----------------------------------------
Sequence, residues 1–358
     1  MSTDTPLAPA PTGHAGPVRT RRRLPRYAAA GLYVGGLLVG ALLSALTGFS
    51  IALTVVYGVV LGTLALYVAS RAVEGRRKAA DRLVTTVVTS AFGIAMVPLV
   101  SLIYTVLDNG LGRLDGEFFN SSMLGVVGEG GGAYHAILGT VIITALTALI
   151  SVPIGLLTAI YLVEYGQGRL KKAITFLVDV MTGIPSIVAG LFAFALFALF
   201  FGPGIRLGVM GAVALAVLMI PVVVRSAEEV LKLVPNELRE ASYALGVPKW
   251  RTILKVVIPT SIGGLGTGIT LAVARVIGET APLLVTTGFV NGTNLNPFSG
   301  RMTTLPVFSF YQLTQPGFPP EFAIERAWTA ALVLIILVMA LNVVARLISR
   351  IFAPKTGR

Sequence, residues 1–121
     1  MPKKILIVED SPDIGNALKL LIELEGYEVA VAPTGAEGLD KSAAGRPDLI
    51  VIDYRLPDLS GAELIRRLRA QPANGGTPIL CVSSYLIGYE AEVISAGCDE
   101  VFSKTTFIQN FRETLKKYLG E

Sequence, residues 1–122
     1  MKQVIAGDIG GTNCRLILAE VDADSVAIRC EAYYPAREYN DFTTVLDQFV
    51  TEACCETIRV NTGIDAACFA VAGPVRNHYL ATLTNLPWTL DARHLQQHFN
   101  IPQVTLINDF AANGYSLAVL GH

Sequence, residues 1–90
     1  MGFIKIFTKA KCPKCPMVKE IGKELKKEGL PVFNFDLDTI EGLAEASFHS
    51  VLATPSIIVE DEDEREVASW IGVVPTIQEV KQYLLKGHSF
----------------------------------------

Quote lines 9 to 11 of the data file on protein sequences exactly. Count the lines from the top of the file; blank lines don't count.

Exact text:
   351  IFAPKTGR

Sequence, residues 1–121
     1  MPKKILIVED SPDIGNALKL LIELEGYEVA VAPTGAEGLD KSAAGRPDLI